Lincoln in the Bardo

Lincoln in the Bardo

by

George Saunders

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The groundskeeper who works at the cemetery where Willie Lincoln is interred. When President Lincoln arrives at the graveyard late at night, Manders lets him even though there are rules preventing him from allowing people to enter after dark. Lincoln doesn’t return for hours, so Manders goes looking for him with a lantern, eventually finding him at Willie’s crypt. Together, the two men walk back toward the front gate, but Lincoln confides in the groundskeeper that he feels like Willie is still with him in this place. As such, the president decides to sit a while in the chapel while Manders returns to the watchman’s house. Manders records this story in the watchman logbook, addressing his account to a man named Tom. Later, when Lincoln finally leaves, Manders exchanges a few words with Isabelle Perkins—who lives across the street—about the tragedy of Willie’s death.
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Jack Manders Character Timeline in Lincoln in the Bardo

The timeline below shows where the character Jack Manders appears in Lincoln in the Bardo. The colored dots and icons indicate which themes are associated with that appearance.
Chapter 23
Unity Theme Icon
Empathy and Equality Theme Icon
Loss Theme Icon
Jack Manders writes in Oak Hill Cemetery’s watchman’s logbook about seeing President Lincoln arrive at the cemetery... (full context)
Empathy and Equality Theme Icon
Loss Theme Icon
Manders remarks that Lincoln arrived at the cemetery alone on a small horse, upon which his... (full context)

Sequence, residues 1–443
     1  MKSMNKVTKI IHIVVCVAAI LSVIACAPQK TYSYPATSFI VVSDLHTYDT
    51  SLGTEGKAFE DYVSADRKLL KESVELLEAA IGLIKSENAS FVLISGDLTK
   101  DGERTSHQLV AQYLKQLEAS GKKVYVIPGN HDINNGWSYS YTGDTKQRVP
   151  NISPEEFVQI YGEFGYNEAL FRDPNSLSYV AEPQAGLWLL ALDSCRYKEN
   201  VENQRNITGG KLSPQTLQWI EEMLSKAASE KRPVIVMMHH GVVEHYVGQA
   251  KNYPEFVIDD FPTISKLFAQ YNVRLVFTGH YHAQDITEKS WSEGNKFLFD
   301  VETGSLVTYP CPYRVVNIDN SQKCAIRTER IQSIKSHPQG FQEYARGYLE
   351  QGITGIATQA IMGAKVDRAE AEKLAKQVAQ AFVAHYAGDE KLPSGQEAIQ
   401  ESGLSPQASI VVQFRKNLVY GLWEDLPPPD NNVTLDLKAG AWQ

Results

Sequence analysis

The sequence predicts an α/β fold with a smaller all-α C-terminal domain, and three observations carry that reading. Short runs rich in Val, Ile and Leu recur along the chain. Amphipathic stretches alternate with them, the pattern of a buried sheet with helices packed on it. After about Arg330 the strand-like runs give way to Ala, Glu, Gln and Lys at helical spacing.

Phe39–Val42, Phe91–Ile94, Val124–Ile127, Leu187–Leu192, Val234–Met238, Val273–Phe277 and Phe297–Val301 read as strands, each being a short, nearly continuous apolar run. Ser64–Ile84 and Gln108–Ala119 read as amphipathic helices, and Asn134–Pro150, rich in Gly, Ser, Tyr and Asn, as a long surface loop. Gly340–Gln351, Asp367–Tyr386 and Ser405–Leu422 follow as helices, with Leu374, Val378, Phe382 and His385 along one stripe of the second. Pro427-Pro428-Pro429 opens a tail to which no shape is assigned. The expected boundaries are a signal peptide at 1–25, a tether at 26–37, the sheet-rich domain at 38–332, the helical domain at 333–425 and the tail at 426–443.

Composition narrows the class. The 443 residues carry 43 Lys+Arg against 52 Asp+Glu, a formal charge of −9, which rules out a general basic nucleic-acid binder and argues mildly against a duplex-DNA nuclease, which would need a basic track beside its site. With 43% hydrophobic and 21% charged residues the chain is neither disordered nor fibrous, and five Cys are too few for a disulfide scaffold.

Chapter 59
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...come to the graveyard at this time of night. She writes that she can see Manders’s light on in his house across the way (at the edge of the cemetery), where... (full context)
Chapter 67-68
Transition and Impermanence Theme Icon
...into his father, though, a lantern light wobbles in the distance. Searching for the president, Manders approaches the crypt, calling out, “Mr. President” as he goes. “He calls for my father,”... (full context)
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Empathy and Equality Theme Icon
Manders enters the crypt and says, “Ah. Here you are. Sir.” Getting to his feet, Lincoln... (full context)
Chapter 77
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...many wills, memories, complaints, desires, so much raw life-force,” Bevins says. As Lincoln walks behind Manders, Vollman asks the large group inside to focus its collective attention on telling the president... (full context)
Chapter 83
Transition and Impermanence Theme Icon
Loss Theme Icon
Writing again in the watchman’s logbook, Manders recounts escorting Lincoln away from Willie’s crypt. As they approached the front gate, he explains,... (full context)
Chapter 98
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...and ride away. Looking across the road, she opened her window and shouted to ask Manders if it was truly the president who just departed the cemetery. When he confirms that... (full context)
Chapter 99
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Transition and Impermanence Theme Icon
Empathy and Equality Theme Icon
Loss Theme Icon
In the logbook, Manders confirms that Lincoln has finally left the cemetery. He notes that he saw Isabelle Perkins... (full context)
Chapter 107
Transition and Impermanence Theme Icon
Empathy and Equality Theme Icon
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Manders makes a final entry in the cemetery logbook, explaining that he has just returned from... (full context)